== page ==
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1 Answer

Rigid Foam on Flat Roof that Terminates to Mansard

Hello,
I have a flat / Mansard roof. There is an addition to the back of the house that is the same roof type as the original two roof levels. The add-on roof is leaking. It has 3 leaking skylights that I plan to remove. The sheathing is very spongy. I plan to replace the sheathing and to use 3 layers of 2.5 inch polyiso rigid foam above the sheathing.
I only plan to work on the add-on roof for now. My plan is as follows:
1) remove / replace all old decking and any structural members that are rotten

Asked By KALETA HILLIER | Aug 12 16
6 Answers

Subfloor cavity question: Method in the madness?

Just posted this morning about a bathroom remodel I'm doing. Got some great feedback. Thanks much. Now I've encountered a different problem, and I didn't know if I should tack it on to my previous question or just post separately. I've obviously opted for the latter.

Asked By Doug Waugh | Aug 4 16
15 Answers

Hybrid cut-and-cobble foam board with batts in upstairs bathroom exterior walls?

I have a house in Columbus, Ohio (Zone 5) that was built in the early 70s, and I'm in the throes of a complete upstairs bathroom remodel. I've gutted the space down to studs (even replaced the subfloor), but I've opted to keep the cast iron tub. Well, I'm ready to insulate, but as I read the Q&A exchanges on this site (and several others), I realize that my options are limited. The original insulation schematic included black fiber board sheathing on exterior, unfaced fiberglass batts between 2x4 studs, and a 4mm layer of plastic as a vapor barrier over the whole thing.

Asked By Doug Waugh | Aug 4 16
8 Answers

Can I drain my furnace's condensate line into the sealed sump pit?

Some background:

- Radon remediation system in place in the basement (usual sub-slab depressurization).
- Sump pit covered with plexiglass and sealed.
- Basement slab perimeter has drainage channel that wasn't filled in by the radon folks (I gather not optimal).
- We are planning to replace the 80% efficient furnace in our unconditioned attic with a high efficiency unit since we are planning to condition the attic using a "flash and batt" approach.

Asked By Rob Moore | Aug 9 16
2 Answers

HRV delivering treated air directly to the ASHP air handler air intake which distributes cool or warm air through ducts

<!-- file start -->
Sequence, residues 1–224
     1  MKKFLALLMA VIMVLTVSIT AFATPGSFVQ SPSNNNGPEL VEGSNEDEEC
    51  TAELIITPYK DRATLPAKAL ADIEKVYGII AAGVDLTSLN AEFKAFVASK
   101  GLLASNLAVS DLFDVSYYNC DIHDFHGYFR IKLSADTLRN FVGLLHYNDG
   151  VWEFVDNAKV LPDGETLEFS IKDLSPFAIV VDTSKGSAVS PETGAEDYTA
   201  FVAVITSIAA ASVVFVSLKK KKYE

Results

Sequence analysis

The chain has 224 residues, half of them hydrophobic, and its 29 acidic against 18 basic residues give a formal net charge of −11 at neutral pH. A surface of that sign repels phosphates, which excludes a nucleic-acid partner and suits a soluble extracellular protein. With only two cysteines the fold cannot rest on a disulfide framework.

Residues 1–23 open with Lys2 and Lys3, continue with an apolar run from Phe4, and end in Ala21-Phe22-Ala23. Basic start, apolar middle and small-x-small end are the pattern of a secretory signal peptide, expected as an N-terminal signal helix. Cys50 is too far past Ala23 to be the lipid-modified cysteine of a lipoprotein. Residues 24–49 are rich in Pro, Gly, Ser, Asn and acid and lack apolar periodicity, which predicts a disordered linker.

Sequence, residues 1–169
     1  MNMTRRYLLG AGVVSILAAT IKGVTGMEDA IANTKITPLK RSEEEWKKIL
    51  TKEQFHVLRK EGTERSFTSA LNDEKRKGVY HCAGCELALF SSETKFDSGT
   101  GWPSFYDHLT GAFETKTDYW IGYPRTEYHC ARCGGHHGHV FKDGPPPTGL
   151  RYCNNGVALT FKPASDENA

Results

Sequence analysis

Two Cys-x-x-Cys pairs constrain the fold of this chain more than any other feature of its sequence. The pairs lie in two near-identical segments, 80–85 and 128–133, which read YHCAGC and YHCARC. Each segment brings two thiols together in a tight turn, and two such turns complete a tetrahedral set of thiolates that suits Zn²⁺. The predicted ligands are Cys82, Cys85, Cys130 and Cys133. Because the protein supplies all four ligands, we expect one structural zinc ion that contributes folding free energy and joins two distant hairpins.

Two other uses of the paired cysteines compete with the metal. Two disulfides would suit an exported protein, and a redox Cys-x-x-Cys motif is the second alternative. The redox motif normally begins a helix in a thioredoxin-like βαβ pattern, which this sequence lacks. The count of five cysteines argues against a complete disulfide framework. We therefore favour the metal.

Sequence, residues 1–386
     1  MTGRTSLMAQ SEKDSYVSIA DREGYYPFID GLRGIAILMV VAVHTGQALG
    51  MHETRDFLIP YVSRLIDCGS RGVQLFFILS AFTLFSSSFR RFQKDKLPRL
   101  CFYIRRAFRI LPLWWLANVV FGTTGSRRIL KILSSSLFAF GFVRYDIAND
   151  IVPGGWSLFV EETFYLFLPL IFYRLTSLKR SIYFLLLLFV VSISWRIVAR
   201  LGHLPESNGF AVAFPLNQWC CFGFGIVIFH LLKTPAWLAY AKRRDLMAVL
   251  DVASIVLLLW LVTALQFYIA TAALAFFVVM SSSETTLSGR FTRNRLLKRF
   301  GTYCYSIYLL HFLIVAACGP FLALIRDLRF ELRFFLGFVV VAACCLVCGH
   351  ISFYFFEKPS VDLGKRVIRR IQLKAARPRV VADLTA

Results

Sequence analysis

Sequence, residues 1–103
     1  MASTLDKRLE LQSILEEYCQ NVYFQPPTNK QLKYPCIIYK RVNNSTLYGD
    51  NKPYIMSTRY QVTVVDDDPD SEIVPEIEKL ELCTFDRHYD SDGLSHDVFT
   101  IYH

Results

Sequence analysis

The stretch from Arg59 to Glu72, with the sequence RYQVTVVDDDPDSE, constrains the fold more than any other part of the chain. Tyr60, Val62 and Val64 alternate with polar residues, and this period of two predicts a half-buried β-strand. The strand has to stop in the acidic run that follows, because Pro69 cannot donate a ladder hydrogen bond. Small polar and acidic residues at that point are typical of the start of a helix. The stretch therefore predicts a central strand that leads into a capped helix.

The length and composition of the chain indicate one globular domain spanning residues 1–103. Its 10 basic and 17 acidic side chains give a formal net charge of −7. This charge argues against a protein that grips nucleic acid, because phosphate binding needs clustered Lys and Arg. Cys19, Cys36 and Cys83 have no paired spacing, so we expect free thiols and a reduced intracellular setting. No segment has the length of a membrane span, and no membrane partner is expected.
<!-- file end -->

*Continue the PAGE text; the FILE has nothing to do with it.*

Has anyone tried this? The baths and kitchen would have dedicated exhaust fans.
This would in net-zero homes.

Asked By susan cosentini | Aug 7 16
4 Answers

Minisplit ducting options for retrofitting two small adjacent rooms

My home in Zone 2B has an approximately 500 square foot addition that was added to its north side many years ago. Like the rest of the 1950s era house, it is built of concrete block, with single-pane metal windows and (amazing to me) a flat roof where the space above the celing/between the joists is vented rather than insulated. Unlike the rest of the house, it is not served by the central HVAC system.

Asked By Nickolas Van Kleeck | Jul 31 16
13 Answers

Minisplit retrofit in Climate Zone 2

I'm trying to figure out how to use a minisplit system on a retrofit project. I got a quote from an HVAC company (recommended by the equipment rep), but some of their opinions don't make sense...which brings me here today.

The HVAC company proposed 4 zones with a 3 Ton compressor outside:
1 ducted 9k unit in attic, serving Guest Bath, Guest Bed, and Office
1 ducted 9k unit in attic serving Master Bed and Bath
1 9k ductless serving kitchen
1 9k ductless serving living

Asked By Green Heron | Jul 26 16
2 Answers

Has anyone used a WhisperComfort Spot ERV ventilator (FV-04VE1) in a high-performance home?

Will this inexpensive, simple-to-install Panasonic energy-recovery ventilator work, placed in a central location of a 1500 s.f. house -- mostly ceiling on the second floor with 1-1/2" bedroom door undercuts and the Whisper Green motion-sensor-activated bath exhaust fans? Or is that delusional?

I am in Zone 6. Thanks.

Asked By Susan Cosentini | Jul 30 16
10 Answers

Choose Slightly Higher HSPF or save $ upfront as payoff is ~7 years.

I'm looking to buy a mini-split for my business office. Seems simple enough but I have 3 basic choices.
15 SEER 9 HSPF at base price for either 115v/230v, simple inverter
21.5 SEER 9.8 HSPF(IV) bp+$300 for 230v, upgraded inverter
21.5 SEER 11.2 HSPF(IV) bp+$320 for 115v, upgraded inverter
I've no problem installing 230v vs 115v and it's only 5' from the panel.

First, is it even worth paying the $300+ for about a $40/year savings? 9 vs 9.8 or 11.2,

Asked By Karl Koning | Jul 27 16
1 Answer

Fiberglass batts in a cathedral ceiling — Round 2

Thanks, Martin and Dana, for your timely responses and comments [in a previous Q&A thread called “Fiberglass batts in a cathedral ceiling?”].

My wife and I read the articles, "How to build an Insulated Cathedral Ceiling" and "Site-Built Ventilation Baffles for Roofs." The air-sealing of the site-built baffles sounded formidable and the mention of no known failures from the use of impermeable baffle materials was enough for us to consider using them.

Asked By Michael Watson | Jul 27 16
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